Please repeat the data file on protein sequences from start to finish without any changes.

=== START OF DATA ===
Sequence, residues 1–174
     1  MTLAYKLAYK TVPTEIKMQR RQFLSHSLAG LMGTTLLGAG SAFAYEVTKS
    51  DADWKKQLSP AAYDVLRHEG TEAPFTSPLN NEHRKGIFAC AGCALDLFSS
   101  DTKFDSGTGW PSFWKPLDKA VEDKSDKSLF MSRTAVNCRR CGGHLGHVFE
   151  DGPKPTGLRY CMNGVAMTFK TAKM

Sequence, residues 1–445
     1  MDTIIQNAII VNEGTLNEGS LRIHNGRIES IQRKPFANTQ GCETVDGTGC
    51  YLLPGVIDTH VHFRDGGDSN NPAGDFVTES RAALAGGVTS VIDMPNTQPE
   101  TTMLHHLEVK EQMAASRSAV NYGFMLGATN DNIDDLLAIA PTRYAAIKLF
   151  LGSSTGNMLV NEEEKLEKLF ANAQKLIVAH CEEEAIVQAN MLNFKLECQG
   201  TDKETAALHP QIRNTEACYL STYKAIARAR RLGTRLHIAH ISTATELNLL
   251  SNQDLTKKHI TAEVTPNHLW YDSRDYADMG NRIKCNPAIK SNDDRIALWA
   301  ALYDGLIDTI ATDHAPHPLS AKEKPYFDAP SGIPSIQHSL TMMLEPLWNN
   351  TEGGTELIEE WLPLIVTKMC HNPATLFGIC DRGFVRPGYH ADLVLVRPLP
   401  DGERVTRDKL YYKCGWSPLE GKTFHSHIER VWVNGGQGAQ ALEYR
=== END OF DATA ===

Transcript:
Sequence, residues 1–174
     1  MTLAYKLAYK TVPTEIKMQR RQFLSHSLAG LMGTTLLGAG SAFAYEVTKS
    51  DADWKKQLSP AAYDVLRHEG TEAPFTSPLN NEHRKGIFAC AGCALDLFSS
   101  DTKFDSGTGW PSFWKPLDKA VEDKSDKSLF MSRTAVNCRR CGGHLGHVFE
   151  DGPKPTGLRY CMNGVAMTFK TAKM

Sequence, residues 1–445
     1  MDTIIQNAII VNEGTLNEGS LRIHNGRIES IQRKPFANTQ GCETVDGTGC
    51  YLLPGVIDTH VHFRDGGDSN NPAGDFVTES RAALAGGVTS VIDMPNTQPE
   101  TTMLHHLEVK EQMAASRSAV NYGFMLGATN DNIDDLLAIA PTRYAAIKLF
   151  LGSSTGNMLV NEEEKLEKLF ANAQKLIVAH CEEEAIVQAN MLNFKLECQG
   201  TDKETAALHP QIRNTEACYL STYKAIARAR RLGTRLHIAH ISTATELNLL
   251  SNQDLTKKHI TAEVTPNHLW YDSRDYADMG NRIKCNPAIK SNDDRIALWA
   301  ALYDGLIDTI ATDHAPHPLS AKEKPYFDAP SGIPSIQHSL TMMLEPLWNN
   351  TEGGTELIEE WLPLIVTKMC HNPATLFGIC DRGFVRPGYH ADLVLVRPLP
   401  DGERVTRDKL YYKCGWSPLE GKTFHSHIER VWVNGGQGAQ ALEYR